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AJATT, Core, SRS, RT... learning methods

#1
Hello everyone!

I've started learning Japanese a little while back. I'm trying to find a good method to go on...
So I've read some of you speaking about AJATT, Core, SRS, RTK... Could you explain to me what are those? And which do you personally prefer? Are there others?

Oh, and do you have an Anki Deck you recommend? (I'm not an absolute beginner, I know some kanji, particles, and have an idea of sentence structure...) 

If you can give me some of your time and recommendations, I thank you in advance.  Smile
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#2
AJATT - All Japanese all the time (blog)
Core - is a vocabulary list which many people have made various versions of and anki decks.
RTK - Remembering the Kanji (book)
SRS - Spaced Recognition System (i.e flashcard program)

Also see this site's wiki page, this thread, and this thread.
Edited: 2017-04-18, 3:21 pm
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#3
^ Spaced *Repetition System
/nitpick

AJATT is (or was, haven't looked at it in a while) okay as a motivational blog, and there are some good tips hidden in there, but from experience, I'd say time studying > time reading any motivational blogs / not learning material (this includes sites like Tofugu as well).

The main use I got out of RTK was improving my ability to 'see' kanji (I'm not learning to write kanji with RTK). Prior to looking through it and doing a recognition deck of it (kanji -> keyword), I had a lot of trouble distinguishing kanji, even ones that look completely different to me now. However, I don't see the point of learning to write kanji in the early stages unless you need to (or if writing helps you learn vocabulary), so I suggest picking it up at the library instead of buying it.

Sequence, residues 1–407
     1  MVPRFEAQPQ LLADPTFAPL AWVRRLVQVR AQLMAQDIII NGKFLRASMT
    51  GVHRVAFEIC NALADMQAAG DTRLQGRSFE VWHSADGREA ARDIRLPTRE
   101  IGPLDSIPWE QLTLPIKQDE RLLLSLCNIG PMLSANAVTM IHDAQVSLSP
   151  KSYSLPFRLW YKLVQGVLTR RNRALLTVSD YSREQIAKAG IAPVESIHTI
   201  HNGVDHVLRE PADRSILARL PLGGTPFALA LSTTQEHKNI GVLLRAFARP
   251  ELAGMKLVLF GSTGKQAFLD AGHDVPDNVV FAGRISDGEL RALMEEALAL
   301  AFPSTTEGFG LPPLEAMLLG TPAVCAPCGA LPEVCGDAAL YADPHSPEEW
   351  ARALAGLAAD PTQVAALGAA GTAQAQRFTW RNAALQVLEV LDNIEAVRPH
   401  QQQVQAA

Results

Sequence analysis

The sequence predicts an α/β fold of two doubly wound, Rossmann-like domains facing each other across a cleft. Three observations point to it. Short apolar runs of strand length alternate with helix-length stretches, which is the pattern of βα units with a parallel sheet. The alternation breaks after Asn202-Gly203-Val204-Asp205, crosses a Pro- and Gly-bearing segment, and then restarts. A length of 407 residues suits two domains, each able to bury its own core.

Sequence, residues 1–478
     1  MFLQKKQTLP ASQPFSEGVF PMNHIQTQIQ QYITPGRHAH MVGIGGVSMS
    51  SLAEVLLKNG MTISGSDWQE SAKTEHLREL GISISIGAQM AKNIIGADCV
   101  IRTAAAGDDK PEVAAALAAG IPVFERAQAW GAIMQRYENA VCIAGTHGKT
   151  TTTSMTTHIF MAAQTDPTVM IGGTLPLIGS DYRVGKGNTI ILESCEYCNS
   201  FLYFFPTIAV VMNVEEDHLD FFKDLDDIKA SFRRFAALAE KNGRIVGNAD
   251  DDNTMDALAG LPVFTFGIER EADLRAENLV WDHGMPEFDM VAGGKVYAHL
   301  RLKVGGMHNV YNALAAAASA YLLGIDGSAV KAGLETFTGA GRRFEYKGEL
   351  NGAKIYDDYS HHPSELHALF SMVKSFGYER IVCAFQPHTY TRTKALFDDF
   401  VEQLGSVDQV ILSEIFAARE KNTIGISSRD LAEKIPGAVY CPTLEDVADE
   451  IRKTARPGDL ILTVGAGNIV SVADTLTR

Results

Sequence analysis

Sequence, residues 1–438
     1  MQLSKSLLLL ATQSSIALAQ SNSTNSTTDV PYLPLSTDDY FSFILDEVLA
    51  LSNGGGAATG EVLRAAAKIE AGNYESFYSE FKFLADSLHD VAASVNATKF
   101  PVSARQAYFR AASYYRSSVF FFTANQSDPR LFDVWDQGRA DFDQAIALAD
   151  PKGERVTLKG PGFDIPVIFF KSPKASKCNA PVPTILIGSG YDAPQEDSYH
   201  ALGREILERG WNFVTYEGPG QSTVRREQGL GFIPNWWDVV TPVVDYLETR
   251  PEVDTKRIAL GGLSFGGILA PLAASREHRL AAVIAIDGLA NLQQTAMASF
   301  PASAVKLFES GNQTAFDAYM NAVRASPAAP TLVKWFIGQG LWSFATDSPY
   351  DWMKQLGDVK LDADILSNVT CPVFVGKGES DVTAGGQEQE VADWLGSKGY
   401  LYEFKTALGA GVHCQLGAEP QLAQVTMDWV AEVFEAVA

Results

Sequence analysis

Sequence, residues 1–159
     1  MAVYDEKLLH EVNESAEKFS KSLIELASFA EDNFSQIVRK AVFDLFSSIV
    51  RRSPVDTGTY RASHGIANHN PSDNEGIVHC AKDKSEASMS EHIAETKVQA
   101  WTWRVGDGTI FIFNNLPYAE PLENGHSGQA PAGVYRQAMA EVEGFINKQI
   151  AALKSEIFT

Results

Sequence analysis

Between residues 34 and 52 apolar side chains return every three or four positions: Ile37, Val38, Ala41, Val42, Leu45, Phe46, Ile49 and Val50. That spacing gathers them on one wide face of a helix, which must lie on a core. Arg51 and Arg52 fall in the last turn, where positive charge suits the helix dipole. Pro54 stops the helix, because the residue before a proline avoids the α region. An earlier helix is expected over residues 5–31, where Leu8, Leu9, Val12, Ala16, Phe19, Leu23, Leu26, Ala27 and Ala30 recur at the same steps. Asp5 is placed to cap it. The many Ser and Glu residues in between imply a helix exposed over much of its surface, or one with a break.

I suggest using a deck like Core2k/6k/10k, Nayr's Core5000, or Zarxrax's Anime2k (which is based off of a corpus of subtitles from anime and dramas, and so is quite different from the newspaper oriented Core decks; however, it's still in development).
I personally did Core10k, but it's quite dry stuff; I still review it, but have also started making my own deck from words I find in the things I read.
It's perfectly possible to start your own deck from the beginning, but I highly recommend using a premade deck to start off with, even if it's only for the first 2000 words or so, just to keep yourself sane (looking up every word in something you read is painful, and painful things lead to burnout).
Edited: 2017-04-18, 8:32 pm
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